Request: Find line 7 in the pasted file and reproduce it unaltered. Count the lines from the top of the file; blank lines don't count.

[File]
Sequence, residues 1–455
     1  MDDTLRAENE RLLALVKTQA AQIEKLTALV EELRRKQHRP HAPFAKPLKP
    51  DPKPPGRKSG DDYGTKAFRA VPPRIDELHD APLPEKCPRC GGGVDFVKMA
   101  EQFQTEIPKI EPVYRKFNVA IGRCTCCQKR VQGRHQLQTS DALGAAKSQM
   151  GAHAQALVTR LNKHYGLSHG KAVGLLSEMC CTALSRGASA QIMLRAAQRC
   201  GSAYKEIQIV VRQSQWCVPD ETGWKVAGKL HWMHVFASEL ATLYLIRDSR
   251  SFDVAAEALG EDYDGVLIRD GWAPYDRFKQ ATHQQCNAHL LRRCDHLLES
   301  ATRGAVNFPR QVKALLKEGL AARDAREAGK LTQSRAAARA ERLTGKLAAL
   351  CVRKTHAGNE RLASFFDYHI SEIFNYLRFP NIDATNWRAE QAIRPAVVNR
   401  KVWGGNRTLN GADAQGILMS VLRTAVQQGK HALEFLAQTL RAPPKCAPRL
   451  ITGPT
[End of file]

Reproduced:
   251  SFDVAAEALG EDYDGVLIRD GWAPYDRFKQ ATHQQCNAHL LRRCDHLLES